Follow Slashdot stories on Twitter


Forgot your password?

IT Worker's Revenge Lands Her In Jail 347

aesoteric writes "A 30-year-old IT worker at a Florida-based health centre was this week sentenced to 19 months in a US federal prison for hacking, and then locking, her former employer's IT systems. Four days after being fired from the Suncoast Community Health Centers' for insubordination, Patricia Marie Fowler exacter her revenge by hacking the centre's systems, deleting files, changing passwords, removing access to infrastructure systems, and tampering with pay and accrued leave rates of staff."

8-Year-Old Receives Patent 142

Knile writes "While not the youngest patent recipient ever (that would be a four year old in Texas), Bryce Gunderman has received a patent at age 8 for a space-saver that combines an outlet cover plate with a shelf. From the article: '"I thought how I was going to make a lot of money," Bryce said about what raced through his brain when he received the patent.'"

3rd-Grader Busted For Jolly Rancher Possession 804

theodp writes "A third-grader in a small Texas school district received a week's detention for merely possessing a Jolly Rancher. Leighann Adair, 10, was eating lunch Monday when a teacher confiscated the candy. Her parents said she was in tears when she arrived home later that afternoon and handed them the detention notice. But school officials are defending the sentence, saying the school was abiding by a state guideline that banned 'minimal nutrition' foods. 'Whether or not I agree with the guidelines, we have to follow the rules,' said school superintendent Jack Ellis."

Comment Re:Nissan? (Score 3, Insightful) 505

I've been to Europe, so, yes, I have seen and used the public transportation system. (Props to the Netherlands and Germany!) The U.S. just needs to take a look at its infrastructure and wonder whether all of that stimulus might be spent on other endeavors that have a greater impact on the greatest amount of people. We should not be so concerned with keeping the car companies alive for the short term. Let us thing in the long term.


Comment Re:Nissan? (Score 1) 505

I appreciate your points. However, I'm more than a little bitter thinking that the money I have paying into the system for so many years is going to a foreign company, especially when I'm having such a hard time finding a job in my home country. Nobody is hiring.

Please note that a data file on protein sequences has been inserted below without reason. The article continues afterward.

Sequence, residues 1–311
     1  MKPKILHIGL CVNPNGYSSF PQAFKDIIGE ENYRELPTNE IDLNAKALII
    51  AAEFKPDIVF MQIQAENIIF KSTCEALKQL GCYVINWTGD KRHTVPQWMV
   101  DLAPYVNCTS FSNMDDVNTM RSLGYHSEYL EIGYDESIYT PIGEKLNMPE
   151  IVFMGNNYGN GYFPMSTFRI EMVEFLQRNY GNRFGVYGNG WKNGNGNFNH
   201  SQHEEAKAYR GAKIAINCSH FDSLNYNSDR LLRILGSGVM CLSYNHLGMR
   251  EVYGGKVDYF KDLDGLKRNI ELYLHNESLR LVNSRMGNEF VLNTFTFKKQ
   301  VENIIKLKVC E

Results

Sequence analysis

I apologize if I offended you.

Oh, and one more thing. We don't need more cars. We need decent freakin' public transportation in this country. In Europe, it's everywhere. Here, you have to live in a "major" city and even then it's shaky at best.

I don't mean to sound like a conspiracy-theorist but the U. S. car companies have been fighting against public transportation for years. Woodward Ave. in Detroit used to have a decent trolley service that was heavily used in the city and surrounding suburbs. Henry Ford killed that fairly quickly.


Comment Nissan? (Score 1, Troll) 505

"...Nissan received $1.6B under the same program."

Nissan? Why is the United States government giving money to Nissan? Shouldn't the Japanese government do that and not the U. S. taxpayer?

I know that I'm going to catch hell for this and probably get modded a troll. So be it. However, as a currently unemployed U. S. citizen who has had a job and paying into the system since I was twelve, I have to wonder where the hell is my federal government bailout money? State unemployment doesn't pay hardly anything. The U. S. government gave over a billion dollars to a foreign company, but a hard working citizen like myself, who really wants to work, gets next to nothing.

I apologize for the rant.

If anybody is looking for a systems/network administrator, who has over twenty years of solid experience, in the NE Ohio area, let me know.


Comment Mixed Feelings on the Subject (Score 1) 834

I'm a firm believer in staying in school as long as possible. It can't hurt.

That being said, any degree or certification will only teach you how things work in the lab. That's not real world. Everything always works wonderfully in the lab. However, once you dive into some corporate abortion of a network, it's sink or swim. That's real world.

I have a Master's in English. I've been working in IT in one form or another for just over twenty years, most recently as the network/server administrator at a university. So, I guess my point is that it doesn't matter what kind of degree you have. The experience of actually working in the field goes a long way.

Best of luck in whichever path you choose.


Comment CS degrees do not mean s**t (Score 1) 918

I have a master's degree in English, but I've been working in IT for twenty years. (I'm 38, BTW.) Some of the brightest people I've known in the IT industry never went to college. I think that it's a matter of talent. You either have it or you don't.

There are two questions that I always ask prospective hires. Did you take apart your toys when you were a kid? Do you prefer Captain Kirk, Piccard, or Janeway? Answer those two questions sufficiently, back it up with a decent employment history, and you have the job.

A CS degree will teach you how things work in the lab. That's not real world. You have to dive in, get dirty, and do trial-by-fire to really make a career in IT. At least, that has been my experience.

Regardless, best of luck in your pursuits.


Nothing recedes like success. -- Walter Winchell